LAKE PLACID, N.Y. (AP) Some of Steven Holcomb’s ashes are scattered at Mount Van Hoevenberg, the track where the longtime U.S. bobsled driver dominated like no other for about the last two decades. His initials are on the speedsuits that his teammates will wear this season. His words still echo in their heads.
He’s clearly not forgotten.
For the first time in nearly two decades, the U.S. raced in a World Cup bobsled competition without Holcomb – the three-time Olympic medalist – on the roster. They took three of the six available medals Thursday, a silver in women’s bobsled from the pairing of Elana Meyers Taylor and Lauren Gibbs, silver in two-man from Nick Cunningham and Ryan Bailey, and bronze from Codie Bascue and Carlo Valdes.
”We miss him every day,” said brakeman Steven Langton, who unretired a year ago with hopes of racing with Holcomb this season and was sixth with driver Justin Olsen in his first World Cup since 2014. ”I miss him every day. We’re going to do the best job we can to honor him throughout the season.”
Holcomb died unexpectedly in his sleep in May at his dorm room inside the Olympic Training Center, where USA Bobsled and Skeleton has its offices and where many sliders live, lift and sleep when they’re in Lake Placid. Holcomb won the two-man World Cup gold at Lake Placid a year ago, and Cunningham nearly followed suit Thursday.
He had to settle for second, one spot behind the German team of Nico Walther and Christian Poser. Walther and Poser, the husband of U.S. women’s bobsled pilot Jamie Greubel Poser, finished two runs in 1 minutes, 51.92 seconds. Cunningham and Bailey – a U.S. Olympian in track at the London Games – finished in 1:52.03.
”I needed this to, I don’t want to say resurrect my career, but last year was so hard mentally, emotionally,” said Cunningham, who matched his best World Cup finish after spending some of last season racing in the lesser international tiers. ”I regained the love of the sport.”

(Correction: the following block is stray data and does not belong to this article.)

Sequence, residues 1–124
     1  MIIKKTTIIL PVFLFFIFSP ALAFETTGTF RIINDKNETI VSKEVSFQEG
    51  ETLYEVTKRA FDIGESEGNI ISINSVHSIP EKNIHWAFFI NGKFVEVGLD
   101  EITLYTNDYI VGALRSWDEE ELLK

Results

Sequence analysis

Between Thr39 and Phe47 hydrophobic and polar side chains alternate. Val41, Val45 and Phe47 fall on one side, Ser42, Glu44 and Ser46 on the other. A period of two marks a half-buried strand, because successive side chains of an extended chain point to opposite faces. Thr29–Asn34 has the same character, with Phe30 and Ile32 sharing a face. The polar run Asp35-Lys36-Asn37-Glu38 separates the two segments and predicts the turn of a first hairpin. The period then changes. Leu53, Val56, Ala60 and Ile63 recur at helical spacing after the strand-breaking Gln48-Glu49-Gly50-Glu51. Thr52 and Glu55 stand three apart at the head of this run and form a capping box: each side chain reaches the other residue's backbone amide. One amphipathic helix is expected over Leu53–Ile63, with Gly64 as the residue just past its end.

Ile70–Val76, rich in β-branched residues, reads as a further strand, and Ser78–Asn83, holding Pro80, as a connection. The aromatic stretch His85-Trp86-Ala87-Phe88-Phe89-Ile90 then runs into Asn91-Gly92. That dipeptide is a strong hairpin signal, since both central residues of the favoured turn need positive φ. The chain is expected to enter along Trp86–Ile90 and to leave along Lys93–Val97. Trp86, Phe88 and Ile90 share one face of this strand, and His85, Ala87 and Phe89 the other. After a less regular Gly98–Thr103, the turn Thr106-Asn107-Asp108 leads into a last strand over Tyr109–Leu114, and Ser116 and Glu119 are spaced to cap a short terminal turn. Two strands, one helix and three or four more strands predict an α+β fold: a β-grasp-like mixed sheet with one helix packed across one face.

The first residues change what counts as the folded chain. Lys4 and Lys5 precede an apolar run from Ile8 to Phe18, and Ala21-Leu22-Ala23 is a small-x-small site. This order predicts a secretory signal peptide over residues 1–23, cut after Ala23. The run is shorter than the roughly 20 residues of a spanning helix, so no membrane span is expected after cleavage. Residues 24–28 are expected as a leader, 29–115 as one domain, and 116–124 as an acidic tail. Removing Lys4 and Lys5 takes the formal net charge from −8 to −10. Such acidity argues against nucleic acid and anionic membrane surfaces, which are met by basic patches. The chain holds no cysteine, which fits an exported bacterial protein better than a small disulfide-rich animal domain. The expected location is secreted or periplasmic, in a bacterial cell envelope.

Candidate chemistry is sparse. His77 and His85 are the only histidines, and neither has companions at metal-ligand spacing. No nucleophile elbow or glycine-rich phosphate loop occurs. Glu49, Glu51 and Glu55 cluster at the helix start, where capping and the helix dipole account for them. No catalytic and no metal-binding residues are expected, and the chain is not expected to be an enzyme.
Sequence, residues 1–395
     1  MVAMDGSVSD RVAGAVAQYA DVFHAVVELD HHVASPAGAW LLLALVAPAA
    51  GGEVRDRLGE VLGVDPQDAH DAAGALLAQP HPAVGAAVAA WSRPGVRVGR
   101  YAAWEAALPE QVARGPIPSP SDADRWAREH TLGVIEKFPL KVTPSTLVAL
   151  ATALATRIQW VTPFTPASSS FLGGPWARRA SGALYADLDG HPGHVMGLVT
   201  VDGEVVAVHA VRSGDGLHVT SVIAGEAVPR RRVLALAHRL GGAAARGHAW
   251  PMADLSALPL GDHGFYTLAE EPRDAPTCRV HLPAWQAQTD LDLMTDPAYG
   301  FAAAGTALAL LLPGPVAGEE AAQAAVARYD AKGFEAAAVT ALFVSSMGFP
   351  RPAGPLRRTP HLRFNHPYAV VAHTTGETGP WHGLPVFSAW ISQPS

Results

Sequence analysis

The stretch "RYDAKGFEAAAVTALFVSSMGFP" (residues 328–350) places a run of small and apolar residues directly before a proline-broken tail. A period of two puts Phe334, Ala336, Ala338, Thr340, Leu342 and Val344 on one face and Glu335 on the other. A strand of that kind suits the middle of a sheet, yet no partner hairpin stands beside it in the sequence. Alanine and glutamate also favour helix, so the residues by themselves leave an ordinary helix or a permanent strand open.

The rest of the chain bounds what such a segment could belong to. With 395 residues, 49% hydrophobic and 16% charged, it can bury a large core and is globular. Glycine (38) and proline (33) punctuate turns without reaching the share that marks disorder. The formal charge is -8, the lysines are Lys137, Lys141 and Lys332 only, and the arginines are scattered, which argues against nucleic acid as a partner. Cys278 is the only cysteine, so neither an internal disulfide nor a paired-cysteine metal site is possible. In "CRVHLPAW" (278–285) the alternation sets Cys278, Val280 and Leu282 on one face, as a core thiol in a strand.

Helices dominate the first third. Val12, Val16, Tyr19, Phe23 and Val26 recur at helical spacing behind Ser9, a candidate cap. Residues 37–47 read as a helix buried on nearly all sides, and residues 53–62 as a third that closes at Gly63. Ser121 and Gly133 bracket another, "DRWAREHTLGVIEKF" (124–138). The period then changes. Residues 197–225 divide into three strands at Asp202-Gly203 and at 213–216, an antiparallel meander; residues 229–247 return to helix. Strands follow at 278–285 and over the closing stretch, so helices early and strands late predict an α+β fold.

Bascue got on a World Cup podium for the first time.
”Amazing feeling,” Bascue said. ”A little bit of an emotional race, my first race without Holcy, but I took that and kind of used the emotion and it’s nice to be on the podium for the first time.”
It was far from a first podium trip for Kaillie Humphries, who went to bobsled school in Lake Placid and clearly paid attention in class.
The two-time reigning Olympic champion from Canada got her season off to a winning start, teaming with Melissa Lotholz to win gold at Mount Van Hoevenberg in the World Cup women’s bobsled season-opener. It was the fourth time Humphries won in Lake Placid, where she drove a bobsled for the first time in 2006 and quickly became one of the sport’s stars.
”To beat the Americans on any track is difficult,” Humphries said.
Humphries’ two-run time was 1:54.40. She edged longtime friend and rival Meyers Taylor, who paired with Gibbs to finish in 1:54:43 – with a start record in there as well. Germany got the bronze, with Stephanie Schneider and Lisa Marie Buchwitz finishing in 1:54.60 and nipping Greubel Poser and Aja Evans of the U.S. by 0.01 seconds.
”I love this track just as much as anybody,” said Humphries, whose hair was dyed in the colors of the South Korean flag in a nod to the upcoming Pyeongchang Olympics. ”I’ve been driving it for numerous years and I’m really happy to do it justice today.”
It was the 13th time that Humphries and Meyers Taylor finished first and second in a World Cup, world championship or Olympic competition. Humphries now has won seven of those, Meyers Taylor six.
”She had a good day. I didn’t have a great day. That’s kind of how it goes,” Meyers Taylor said. ”I don’t expect this to be the trend, though.”
Greubel Poser, who won at Lake Placid each of the last two seasons, settled for fourth on her 34th birthday.
”So much went into preparing for this season, it was different for a lot of different reasons for us,” Evans said. ”I think to get over this first hurdle with this first race in Lake Placid, it was big just to get it out of the way. Now we can move on and keep pursuing Pyeongchang.”Let's